She pens a breakup letter the day she meets him, then runs her tongue along the envelope’s bitter strip. Sealed with DNA and tucked in the front pocket of her messenger bag. Estate planning for the relationship, she calls it. Do not resuscitate.

They met at the coffee shop in her office. He lingered by the register, pretending to browse gluten free donuts when all he wanted was for her to notice him. They walked around the sputtering fountain in the courtyard. He offered her a penny and made his own wish. She pretended to throw hers but let it drop onto the cement.

The breakup letter grows heavier in her bag each day they’re together. He shows her pictures of his family. She shows him ones she scavenged from a photo album at a thrift store. He gives her the key to his apartment. She adds his name to a pretend timeshare in the Outer Banks.

Inevitably there will be a dinner. He’ll wear a tie she’s given him, pink with navy diamonds because something about that combination of colors reminds her of a sunset against a resigned ocean. She’ll excuse herself to the restroom and never come back. The letter will take her place on the chair.

Pulling off the band aid her mother called it before heading to Dollywood with her boyfriend. Fucking someone over her sophomore roommate said before transferring to Duke. She believes it is inhumane to risk a messy breakup. Some broken things can never be properly mended.

The letter is kindness.

The letter is love.

In college she took a mapmaking class. Even the professor said hand-drawn maps are obsolete. Everything is done on computers. Sitting in his class felt like trying on the skin of a corpse. But she admired the destinations drawn with a flourish of sepia ink. The endpoint. It wasn’t like pulling off the band aid. It was healing a wound before the skin separated.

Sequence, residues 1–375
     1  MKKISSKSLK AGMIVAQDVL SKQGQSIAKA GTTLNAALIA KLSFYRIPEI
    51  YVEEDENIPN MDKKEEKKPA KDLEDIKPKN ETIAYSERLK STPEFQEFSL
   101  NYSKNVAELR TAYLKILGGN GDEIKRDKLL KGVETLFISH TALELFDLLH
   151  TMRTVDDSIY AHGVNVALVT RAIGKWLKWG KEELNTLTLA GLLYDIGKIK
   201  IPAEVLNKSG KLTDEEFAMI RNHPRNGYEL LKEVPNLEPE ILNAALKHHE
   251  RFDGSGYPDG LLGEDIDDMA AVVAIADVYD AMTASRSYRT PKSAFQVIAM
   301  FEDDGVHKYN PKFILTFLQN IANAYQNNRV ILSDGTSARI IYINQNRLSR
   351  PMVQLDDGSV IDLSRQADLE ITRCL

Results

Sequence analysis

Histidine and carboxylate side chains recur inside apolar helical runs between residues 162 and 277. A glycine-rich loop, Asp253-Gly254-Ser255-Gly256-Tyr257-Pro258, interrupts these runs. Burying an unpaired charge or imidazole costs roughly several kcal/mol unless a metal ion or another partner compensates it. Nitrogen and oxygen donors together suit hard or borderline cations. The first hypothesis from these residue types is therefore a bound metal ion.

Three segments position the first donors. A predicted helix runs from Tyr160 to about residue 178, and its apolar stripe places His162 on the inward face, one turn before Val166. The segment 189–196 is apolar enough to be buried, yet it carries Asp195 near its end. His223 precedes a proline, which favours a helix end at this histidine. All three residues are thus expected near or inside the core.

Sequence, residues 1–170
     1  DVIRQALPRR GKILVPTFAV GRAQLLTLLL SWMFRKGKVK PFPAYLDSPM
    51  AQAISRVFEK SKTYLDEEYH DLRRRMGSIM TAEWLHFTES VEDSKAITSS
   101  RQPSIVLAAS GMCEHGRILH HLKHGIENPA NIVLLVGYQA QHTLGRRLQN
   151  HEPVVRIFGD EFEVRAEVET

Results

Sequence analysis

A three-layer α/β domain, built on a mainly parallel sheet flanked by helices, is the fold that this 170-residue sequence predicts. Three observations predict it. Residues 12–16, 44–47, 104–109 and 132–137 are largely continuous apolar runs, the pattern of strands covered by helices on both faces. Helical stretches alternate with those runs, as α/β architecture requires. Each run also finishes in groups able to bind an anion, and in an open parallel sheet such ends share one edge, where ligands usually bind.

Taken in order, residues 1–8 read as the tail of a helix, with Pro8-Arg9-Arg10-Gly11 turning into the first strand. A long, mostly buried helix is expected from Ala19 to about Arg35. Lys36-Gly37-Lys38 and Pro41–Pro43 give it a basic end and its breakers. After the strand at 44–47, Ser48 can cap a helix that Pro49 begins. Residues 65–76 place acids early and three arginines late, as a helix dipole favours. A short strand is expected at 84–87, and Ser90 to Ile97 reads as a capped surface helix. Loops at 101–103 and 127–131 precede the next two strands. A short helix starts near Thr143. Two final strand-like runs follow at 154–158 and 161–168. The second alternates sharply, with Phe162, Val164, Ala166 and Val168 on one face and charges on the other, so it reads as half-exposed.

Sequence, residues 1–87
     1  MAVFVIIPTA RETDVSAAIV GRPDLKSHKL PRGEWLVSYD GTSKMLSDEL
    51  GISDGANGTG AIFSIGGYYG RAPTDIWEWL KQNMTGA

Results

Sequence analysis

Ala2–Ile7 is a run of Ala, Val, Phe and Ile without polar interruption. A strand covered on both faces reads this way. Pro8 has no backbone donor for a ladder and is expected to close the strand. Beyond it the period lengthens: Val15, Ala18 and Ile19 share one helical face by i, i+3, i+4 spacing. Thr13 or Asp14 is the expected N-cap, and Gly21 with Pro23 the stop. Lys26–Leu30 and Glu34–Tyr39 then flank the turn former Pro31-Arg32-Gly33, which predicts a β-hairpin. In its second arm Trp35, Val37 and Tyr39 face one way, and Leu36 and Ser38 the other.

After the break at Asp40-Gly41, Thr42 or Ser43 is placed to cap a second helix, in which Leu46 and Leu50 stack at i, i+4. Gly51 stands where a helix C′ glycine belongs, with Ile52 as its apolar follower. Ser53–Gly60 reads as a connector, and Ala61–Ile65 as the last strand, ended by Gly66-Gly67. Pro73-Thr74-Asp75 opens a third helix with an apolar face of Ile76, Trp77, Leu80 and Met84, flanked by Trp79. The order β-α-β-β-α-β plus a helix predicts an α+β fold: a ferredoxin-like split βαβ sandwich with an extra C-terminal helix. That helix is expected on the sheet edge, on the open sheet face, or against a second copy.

They eat at Market Cross Pub on Friday night. He’s ditched the tie because someone at work told him he hasn’t got a future with the company. When she orders two beers with no intention to drink hers, he holds her hands in his. Nearby, a waitress lets the man at the booth cup her ass. Nearby, an old man drops quarters in a jukebox that looks out of place. Out of time.

The harder she pulls her hands free, the tighter his grip, like quicksand. He says they should go to that timeshare this weekend. Skinny dip in the ocean. Wear straw hats. Let the sand grind off a dreary layer of their skin.
He tells her disappointment can be outrun. He traces the lines in her palm, stopping at landmarks like her thumb, her wrist. He wants to explore with her. He wants to know the craziest thing she’s ever done.

She stays.



Sarah Clayville teaches high school English and writes from a small town in central Pennsylvania where she has lived forever. She holds a special place in her heart for short fiction that stops people in their tracks. Find more of her work at and follow her on Twitter @SarahSaysWrite.